If there’s one thing people agree on when it comes to the millennial generation, it’s that no one can agree on much. Are they the generation killing off American brands like McDonald’s and Macy’s? Or do they just prefer to spend their money elsewhere?
Are they lazy moochers living off mom and dad’s benevolence? Or are they just trying to navigate the challenges of modern life in ways older generations don’t understand? Do they really detest work? Or are they being left out of the job market?
One thing that’s not really up for debate is that millennials are saddled with a ton of debt, and they have limited job options to help them make money and pay down that debt. Millennials want jobs that are low-stress, pay well, and allow for work-life balance. These are the 10 high-paying jobs that fit the description, finishing with the highest salary of the bunch.
10. Massage therapist
- Median salary: $39,860
A job as straightforward as the title implies, massage therapists relieve pain, help heal injuries, and aid relaxation. Being a massage therapist probably won’t help you buy a Ferrari or rent a luxurious apartment, but it’s a low-stress job that allows for flexibility, two big things Millennials want in a job. Massage therapists work in doctor’s offices, spas, and rehab centers, and some visit clients directly. You don’t need a degree (just a license), so student loan debt so many millennials are saddled with doesn’t come into play. The best part about it? It’s a growing market. The Bureau of Labor Statistics expects more than 37,000 jobs to be added by 2026.
Next: You could say this job is perfect for millennials.
9. Interpreter and translator
- Median salary: $46,120
Knowledge of multiple languages is key for interpreters (spoken word) and translators (written word). A bachelor’s degree is helpful, but fluency in other languages is the most important skill. Interpreters work in schools, hospitals, courtrooms, and boardrooms. Self-employed interpreters and translators set their own schedule, which is a bonus for millennials looking for the perfect work-life balance. It’s also a field the Bureau of Labor Statistics expects to grow by 17% through 2026.
Next: You’ll be able to set your own hours at this job, eventually.
8. Insurance sales agent
- Median salary: $49,990
A high school education is all that’s required to get into this field, but the Bureau of Labor Statistics indicates a college degree goes a long way to securing a job. You also need a license, good communication skills, and some bravado when cold-calling potential clients. Once you’re established in this job, you can expect a good salary, more freedom to set your own hours, and a relatively low stress level.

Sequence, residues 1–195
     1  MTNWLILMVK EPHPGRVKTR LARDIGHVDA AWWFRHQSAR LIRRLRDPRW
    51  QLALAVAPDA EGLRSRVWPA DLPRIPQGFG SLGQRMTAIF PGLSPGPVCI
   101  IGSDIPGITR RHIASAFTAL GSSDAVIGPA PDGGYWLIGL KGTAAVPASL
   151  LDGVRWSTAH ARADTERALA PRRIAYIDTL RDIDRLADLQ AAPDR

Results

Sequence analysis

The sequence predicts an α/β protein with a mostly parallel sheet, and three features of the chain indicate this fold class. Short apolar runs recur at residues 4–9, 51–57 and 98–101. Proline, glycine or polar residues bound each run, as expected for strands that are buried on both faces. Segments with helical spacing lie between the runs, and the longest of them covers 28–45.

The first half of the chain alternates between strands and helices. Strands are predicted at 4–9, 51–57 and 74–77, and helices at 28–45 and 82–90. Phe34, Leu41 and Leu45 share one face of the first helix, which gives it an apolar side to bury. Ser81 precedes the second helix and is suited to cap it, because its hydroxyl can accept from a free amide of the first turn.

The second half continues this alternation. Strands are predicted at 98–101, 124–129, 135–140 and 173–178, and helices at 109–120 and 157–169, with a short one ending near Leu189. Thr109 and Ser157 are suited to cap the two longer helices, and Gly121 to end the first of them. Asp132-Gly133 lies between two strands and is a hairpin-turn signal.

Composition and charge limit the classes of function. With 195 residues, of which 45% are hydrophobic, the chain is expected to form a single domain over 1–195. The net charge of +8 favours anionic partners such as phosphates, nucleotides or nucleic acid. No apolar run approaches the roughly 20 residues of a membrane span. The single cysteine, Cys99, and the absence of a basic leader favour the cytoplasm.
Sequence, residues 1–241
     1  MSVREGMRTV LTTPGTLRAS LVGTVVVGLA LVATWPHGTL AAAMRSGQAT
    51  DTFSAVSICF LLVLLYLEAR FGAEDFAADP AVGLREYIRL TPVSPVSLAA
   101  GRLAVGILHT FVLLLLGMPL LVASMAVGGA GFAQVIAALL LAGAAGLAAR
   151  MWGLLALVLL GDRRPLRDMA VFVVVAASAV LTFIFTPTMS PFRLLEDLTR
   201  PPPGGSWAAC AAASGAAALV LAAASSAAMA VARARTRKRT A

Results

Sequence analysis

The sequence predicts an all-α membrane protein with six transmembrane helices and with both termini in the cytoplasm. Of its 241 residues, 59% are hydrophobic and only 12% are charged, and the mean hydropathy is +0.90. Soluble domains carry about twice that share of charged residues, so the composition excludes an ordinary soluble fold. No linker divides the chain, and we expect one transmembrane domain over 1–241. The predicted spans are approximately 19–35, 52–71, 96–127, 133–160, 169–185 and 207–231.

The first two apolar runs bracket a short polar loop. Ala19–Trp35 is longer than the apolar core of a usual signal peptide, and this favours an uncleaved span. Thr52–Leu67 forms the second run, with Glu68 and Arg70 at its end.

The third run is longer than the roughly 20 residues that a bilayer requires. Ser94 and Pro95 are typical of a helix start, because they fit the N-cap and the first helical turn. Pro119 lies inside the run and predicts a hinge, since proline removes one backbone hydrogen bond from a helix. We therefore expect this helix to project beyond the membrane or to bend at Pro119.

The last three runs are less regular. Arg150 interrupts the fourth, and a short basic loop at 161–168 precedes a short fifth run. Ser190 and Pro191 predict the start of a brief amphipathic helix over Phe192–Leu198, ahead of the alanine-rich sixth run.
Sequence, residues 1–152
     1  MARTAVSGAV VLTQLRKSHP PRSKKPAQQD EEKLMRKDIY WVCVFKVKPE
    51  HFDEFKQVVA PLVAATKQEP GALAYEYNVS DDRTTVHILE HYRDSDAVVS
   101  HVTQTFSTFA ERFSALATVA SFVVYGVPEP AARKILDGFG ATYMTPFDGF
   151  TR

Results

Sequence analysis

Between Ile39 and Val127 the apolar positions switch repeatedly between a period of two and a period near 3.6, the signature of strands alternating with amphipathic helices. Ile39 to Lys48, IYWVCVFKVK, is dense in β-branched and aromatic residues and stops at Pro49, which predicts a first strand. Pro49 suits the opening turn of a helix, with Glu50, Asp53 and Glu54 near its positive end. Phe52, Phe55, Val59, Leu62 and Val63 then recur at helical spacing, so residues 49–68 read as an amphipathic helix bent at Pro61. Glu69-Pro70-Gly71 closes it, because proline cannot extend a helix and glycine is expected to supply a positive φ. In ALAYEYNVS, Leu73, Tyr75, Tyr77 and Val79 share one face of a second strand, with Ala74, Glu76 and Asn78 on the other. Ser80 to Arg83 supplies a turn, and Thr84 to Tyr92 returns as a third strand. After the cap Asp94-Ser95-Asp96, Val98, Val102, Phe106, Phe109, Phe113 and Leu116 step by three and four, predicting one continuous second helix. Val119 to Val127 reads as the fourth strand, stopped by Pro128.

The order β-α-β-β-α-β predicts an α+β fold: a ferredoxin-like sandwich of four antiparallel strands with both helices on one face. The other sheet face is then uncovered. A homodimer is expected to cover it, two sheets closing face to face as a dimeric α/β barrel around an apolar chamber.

Next: Find your way into this interesting job.
- Median salary: $62,750
The ubiquitous presence of Google Maps hasn’t killed off this job. If anything, it’s made accurate cartography more important than ever. You won’t be mapping the coast of Argentina, but you will be analyzing data to help with building development, updating existing maps, and other tasks. There aren’t a ton of cartographer jobs out there (12,600 in 2016 according to the Bureau of Labor Statistics), but the field is expected to add more than 2,000 jobs by 2026.
Next: Enter the digital realm
6. Web developer
- Median salary: $66,130
First, the bad news: You will need a college degree to land this job (at the very least an associate’s degree), which might necessitate taking on some student loan debt. The good news? You’re a millennial and you’ve grown up in a digital world, so you’re familiar with makes a good website. Web developers build websites using HTML or XML, ensure front to back functionality, and monitor site traffic. It’s a full-time job, but 16% of web developers are self-employed so there is flexibility to the work schedule. There are a few coding programs you could try to see if you like this job, which is forecasted to add more than 21,000 jobs by 2026.